Winning the Gideon Klein Award to honour her late father
Back in the year 2011, one of Northeastern University’s beloved students received the Gideon Klein Award for the years 2011-2012. Emili Kaufman got the award for her exceptional analysis of the artwork of Felix Nussbaum. He was a surrealist painter of German origin, who was killed in one of the Nazi concentration camps in 1944 at Auschwitz.
It was actually put forth to honour Gideon Klein posthumously after this Czech pianist and composer also died in a Nazi death camp in 1945. It was established by Bill Giessen, Northeastern’s Professor of Chemistry, in the memory of Gustel Cormann Giessen, his mother. He was brought up in Nazi Germany and sadly, passed away in the year 2010.
The award is more than just an honour though; it also includes a $5000 prize. Kaufman, however, is the least interested in the monetary benefit. The award actually holds a personal significance for this Communication Studies major student. She wants to dedicate her award to her father, a Jewish professor of Illustration, who passed away some time before she received the award.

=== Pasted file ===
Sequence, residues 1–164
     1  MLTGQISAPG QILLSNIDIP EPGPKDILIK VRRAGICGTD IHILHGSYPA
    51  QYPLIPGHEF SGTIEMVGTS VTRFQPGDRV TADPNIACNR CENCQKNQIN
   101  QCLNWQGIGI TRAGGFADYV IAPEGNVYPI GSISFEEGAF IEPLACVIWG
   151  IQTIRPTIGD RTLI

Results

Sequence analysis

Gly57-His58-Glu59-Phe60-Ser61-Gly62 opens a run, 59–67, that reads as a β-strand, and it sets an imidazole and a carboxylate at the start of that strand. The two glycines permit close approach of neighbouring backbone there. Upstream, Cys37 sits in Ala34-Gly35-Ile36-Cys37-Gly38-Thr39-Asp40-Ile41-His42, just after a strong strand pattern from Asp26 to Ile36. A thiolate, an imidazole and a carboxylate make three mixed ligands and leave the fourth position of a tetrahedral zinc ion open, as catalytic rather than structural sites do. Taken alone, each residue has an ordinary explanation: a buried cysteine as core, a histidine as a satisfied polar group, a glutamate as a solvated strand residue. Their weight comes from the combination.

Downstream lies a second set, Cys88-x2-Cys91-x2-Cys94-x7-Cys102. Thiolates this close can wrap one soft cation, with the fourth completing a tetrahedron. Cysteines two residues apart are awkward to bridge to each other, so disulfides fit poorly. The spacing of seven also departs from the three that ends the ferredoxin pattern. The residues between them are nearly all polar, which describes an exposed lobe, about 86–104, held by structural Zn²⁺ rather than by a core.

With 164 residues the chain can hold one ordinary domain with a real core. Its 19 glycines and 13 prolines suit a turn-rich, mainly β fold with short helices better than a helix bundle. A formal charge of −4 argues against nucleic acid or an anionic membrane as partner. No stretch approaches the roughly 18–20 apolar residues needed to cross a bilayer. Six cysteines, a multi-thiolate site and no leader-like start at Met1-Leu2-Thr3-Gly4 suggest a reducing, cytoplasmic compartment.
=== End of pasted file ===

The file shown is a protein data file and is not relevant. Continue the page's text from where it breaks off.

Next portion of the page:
“By winning this award, I feel like I will be able to honour my father as well as those who were persecuted in the Holocaust,” said Kaufman.
Lori Lefkovitz, Ruderman Professor, was a part of the selection committee and was very impressed by Kaufman’s proposal. “She studies art and Jewish studies partly to sustain the memory of her own father,” Lefkovitz said. “This poignant confluence of memorialising testifies to Northeastern’s ongoing commitment to creatively incorporate the past into the future, transforming suffering into blessing through art and scholarship.”
Kaufman is deeply fascinated by Nussbaum and his artworks. She plans on studying more on him and creates something like an artistic tribute to the painter, with the help of Mira Cantor, Northeastern’s Art professor. As for her plans after graduation, she plans on working for the Jewish Museum, situated in New York City. “I’m driven by the incredible history of Judaism,” she admitted. “I think their story says a lot about humanity and what people are capable of doing.”